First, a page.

Sovereignty and secession: Kosovo’s false independence

By Brenda Kay Zylstra

Several weeks ago Kosovo formally declared its independence from Serbia. Kosovo, an international protectorate of the United Nations since 1999, means little to most Americans beyond a vague connection to Slobodan Milosevic and a buzzword for the negatives of Balkanization. Thus the news coverage has been scant and skewed.

Disturbingly absent from mainstream news coverage of Kosovo is any sense of historical perspective. Few have acknowledged that this conflict stretches further back than the dissolving of Yugoslavia in the 1990s, further than postwar Europe’s communism, further than the boundaries drawn after the Great War.

Kosovo has been part of greater Serbia dating back to the seventh century, when the concept of Serbia first emerged. The strong Albanian presence began in the early 17th century under the Ottoman Empire, when the ruling Turks encouraged Albanian migration into Kosovo as one means of persecuting Serbia. Orthodox Christian Serbia was a natural ally of Russia (a relationship which survives today); therefore a Turkish enemy. In 1875, the Serbs reclaimed their independence from the Ottoman Empire and after a series of wars from 1912-1918, they were the leading nationality in the brand-new Kingdom of Yugoslavia. Not only was Kosovo part of Serbia, it had a clear majority Serbian population.

Hitler invaded Yugoslavia in 1941; Croatia and Albania supported the Axis and worked with Germany to cleanse as many Serbs as possible from the region via deportation, assimilation and concentration camps. Serbians were reduced to 50 percent of Kosovo’s population. After the war, Western-supported communist dictator Tito split Kosovo out as a separate province, placed Albanians in high government positions and continued encouraging Albanian migration into the area. In addition, Kosovar-Albanian women had the highest European birthrate, and the Serbian demographic decline in Kosovo progressed.

Milosevic came to power in the 1980s and attempted to reverse the 80-year trend of Albanian demographic gains in Kosovo. The Serbs had finally found their lobbyist, but he was a murderous dictator who was later indicted at the Hague for ethnic cleansing. The world watched in disgust as Milosevic’s Yugoslavia tore itself apart, border after border becoming drenched in blood and bombs.

In 1999, at the behest of President Clinton, NATO launched a 78-day bombing campaign against Belgrade for the mistreatment of Kosovo. This clinched the loss for Serbia.

The West had chosen its side and the Kosovars knew it. Though the Kosovars waited nearly a decade to officially declare independence, they knew once they had the backing of the West they would be able to; the Serbians would be powerless to fight back. Once bitten – or bombed – twice shy.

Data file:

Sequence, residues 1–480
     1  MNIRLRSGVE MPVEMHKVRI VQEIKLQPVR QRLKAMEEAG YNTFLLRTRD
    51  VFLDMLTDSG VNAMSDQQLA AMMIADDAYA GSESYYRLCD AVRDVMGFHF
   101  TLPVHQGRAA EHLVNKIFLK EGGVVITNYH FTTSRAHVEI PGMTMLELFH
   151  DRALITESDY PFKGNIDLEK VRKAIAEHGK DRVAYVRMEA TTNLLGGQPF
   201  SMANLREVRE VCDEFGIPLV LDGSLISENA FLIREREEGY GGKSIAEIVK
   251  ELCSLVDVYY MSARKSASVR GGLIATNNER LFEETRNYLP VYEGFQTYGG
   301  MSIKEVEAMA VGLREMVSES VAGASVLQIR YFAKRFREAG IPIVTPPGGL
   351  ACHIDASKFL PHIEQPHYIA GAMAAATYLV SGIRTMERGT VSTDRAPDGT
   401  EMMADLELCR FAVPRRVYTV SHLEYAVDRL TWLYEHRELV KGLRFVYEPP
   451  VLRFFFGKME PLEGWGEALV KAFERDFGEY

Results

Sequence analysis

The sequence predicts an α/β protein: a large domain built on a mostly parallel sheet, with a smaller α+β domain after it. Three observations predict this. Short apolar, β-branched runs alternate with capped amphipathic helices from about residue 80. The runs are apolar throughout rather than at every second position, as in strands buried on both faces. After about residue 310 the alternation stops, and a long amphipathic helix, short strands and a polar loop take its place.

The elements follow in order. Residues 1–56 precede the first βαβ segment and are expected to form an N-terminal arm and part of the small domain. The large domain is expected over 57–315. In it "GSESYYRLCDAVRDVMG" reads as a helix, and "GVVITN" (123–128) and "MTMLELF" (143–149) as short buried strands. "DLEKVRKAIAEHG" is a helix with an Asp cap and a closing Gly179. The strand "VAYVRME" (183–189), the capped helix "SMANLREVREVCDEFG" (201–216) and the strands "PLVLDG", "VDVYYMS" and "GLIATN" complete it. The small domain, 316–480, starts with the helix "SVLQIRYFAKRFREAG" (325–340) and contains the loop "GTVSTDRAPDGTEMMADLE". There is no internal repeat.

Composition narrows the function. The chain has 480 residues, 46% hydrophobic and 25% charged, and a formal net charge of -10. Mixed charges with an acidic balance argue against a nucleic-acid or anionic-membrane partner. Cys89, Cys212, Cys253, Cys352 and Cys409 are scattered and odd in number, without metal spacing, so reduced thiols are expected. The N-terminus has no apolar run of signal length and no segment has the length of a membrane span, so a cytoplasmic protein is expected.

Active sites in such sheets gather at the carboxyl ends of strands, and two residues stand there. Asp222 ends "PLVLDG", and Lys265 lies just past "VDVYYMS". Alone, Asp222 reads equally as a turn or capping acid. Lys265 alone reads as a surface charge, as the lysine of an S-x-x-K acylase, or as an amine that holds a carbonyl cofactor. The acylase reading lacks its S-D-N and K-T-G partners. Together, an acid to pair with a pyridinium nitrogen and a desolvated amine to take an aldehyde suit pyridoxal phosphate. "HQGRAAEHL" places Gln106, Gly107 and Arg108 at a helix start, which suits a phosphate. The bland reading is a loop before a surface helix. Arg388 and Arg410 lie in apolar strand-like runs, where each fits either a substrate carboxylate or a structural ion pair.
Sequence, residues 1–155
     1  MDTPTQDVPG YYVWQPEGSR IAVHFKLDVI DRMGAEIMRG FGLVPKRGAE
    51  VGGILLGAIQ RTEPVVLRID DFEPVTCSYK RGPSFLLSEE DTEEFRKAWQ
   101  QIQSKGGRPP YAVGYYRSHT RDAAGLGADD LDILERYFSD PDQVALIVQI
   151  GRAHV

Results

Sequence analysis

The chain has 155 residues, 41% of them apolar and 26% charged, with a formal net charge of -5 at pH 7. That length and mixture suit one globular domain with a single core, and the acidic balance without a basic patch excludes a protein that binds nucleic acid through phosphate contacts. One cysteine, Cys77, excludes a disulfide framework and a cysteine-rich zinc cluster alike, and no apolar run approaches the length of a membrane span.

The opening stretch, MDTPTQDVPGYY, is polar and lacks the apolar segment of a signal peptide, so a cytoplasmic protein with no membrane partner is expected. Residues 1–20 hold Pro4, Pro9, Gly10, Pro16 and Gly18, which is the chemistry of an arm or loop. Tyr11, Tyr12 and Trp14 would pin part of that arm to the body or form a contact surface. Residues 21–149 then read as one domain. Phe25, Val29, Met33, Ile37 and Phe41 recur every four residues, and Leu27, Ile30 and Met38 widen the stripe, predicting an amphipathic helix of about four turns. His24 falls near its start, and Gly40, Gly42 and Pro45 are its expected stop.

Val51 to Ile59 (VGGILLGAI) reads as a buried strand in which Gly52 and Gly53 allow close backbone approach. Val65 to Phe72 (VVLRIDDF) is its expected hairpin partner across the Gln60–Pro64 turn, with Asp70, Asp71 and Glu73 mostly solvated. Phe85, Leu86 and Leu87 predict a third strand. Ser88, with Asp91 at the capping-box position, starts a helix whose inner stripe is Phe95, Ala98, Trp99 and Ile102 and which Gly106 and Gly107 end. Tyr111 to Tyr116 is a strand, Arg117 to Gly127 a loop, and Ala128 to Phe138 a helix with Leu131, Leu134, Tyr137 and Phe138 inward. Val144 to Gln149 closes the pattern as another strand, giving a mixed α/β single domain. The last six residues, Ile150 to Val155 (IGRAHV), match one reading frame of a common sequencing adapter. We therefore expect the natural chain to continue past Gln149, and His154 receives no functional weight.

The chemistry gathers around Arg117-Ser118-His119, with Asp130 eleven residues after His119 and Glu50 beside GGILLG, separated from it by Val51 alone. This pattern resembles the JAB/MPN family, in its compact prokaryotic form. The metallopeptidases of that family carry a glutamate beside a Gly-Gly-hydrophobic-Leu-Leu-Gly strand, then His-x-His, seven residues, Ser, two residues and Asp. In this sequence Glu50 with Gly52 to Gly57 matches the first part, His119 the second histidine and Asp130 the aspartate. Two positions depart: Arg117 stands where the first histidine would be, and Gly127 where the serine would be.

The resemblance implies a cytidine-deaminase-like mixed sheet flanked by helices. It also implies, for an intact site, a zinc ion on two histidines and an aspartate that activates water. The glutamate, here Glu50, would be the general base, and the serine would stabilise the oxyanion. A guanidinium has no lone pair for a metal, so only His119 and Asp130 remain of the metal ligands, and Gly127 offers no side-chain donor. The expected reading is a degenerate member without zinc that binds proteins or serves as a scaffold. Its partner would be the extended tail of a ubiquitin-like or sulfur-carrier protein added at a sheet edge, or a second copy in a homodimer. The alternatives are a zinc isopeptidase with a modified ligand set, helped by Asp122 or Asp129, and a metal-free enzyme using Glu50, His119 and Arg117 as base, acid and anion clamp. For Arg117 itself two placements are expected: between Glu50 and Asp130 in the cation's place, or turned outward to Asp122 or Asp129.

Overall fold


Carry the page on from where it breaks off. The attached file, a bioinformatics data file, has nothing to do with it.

The new recognition of an independent Kosovo by the United States and most of the European Union flies in the face of the crucial principle of state sovereignty as established in the 1648 Treaty of Westphalia.

But the West still harbors a (self) righteous anger at Milosevic’s blood-soaked tyranny, and the effectual giving away of a province that for all rights and purposes belongs fully to Serbia is little more than a back-handed punishment.

This is not to deny the wrongs done to the Kosovars by Milosevic’s regime, nor to belittle their many grievances up to the present day. But the scenario too often presented has been that of the sore loser Serbians versus the long-oppressed Kosovars. Only in the last century has the Albanian minority become the majority in Serbia. For more than 1,000 years previous, Kosovo had without question belonged to Serbia. More than 1,000 years of historical and emotional ties lie within Kosovo’s borders, perhaps most notably the seat of the first Serbian Orthodox Church.

Recognizing Kosovo’s independence sets a perilous precedent, not only for other aspiring breakaway provinces themselves, but for the way in which the international community approaches these situations. Kosovo’s independence is essentially in name alone. It will require thousands of international troops and billions of dollars in aid for an indeterminate amount of time. The Serbian/Kosovar border will remain unstable and dangerous. Imposing false solutions on ethnic conflicts merely serves to mitigate Western feelings of responsibility while upsetting international balances and increasing – not lessening – injustice for those involved.

The Western backing of Kosovo is not a matter of deep principles, just an almost arbitrary sense of wielding economic and military power. The propensity of the West to interfere in the affairs of certain countries but not others is as confusing as it is frustrating and frankly unfair. The statecraft of negotiation, once again, has been abandoned, and even the past two weeks of Serbian riots and (sadly, often misplaced and violent) anger are evidence of the endurance of this problem. Nothing has been solved. Nothing is certain, except the continued hubris and historical amnesia of many Western powers.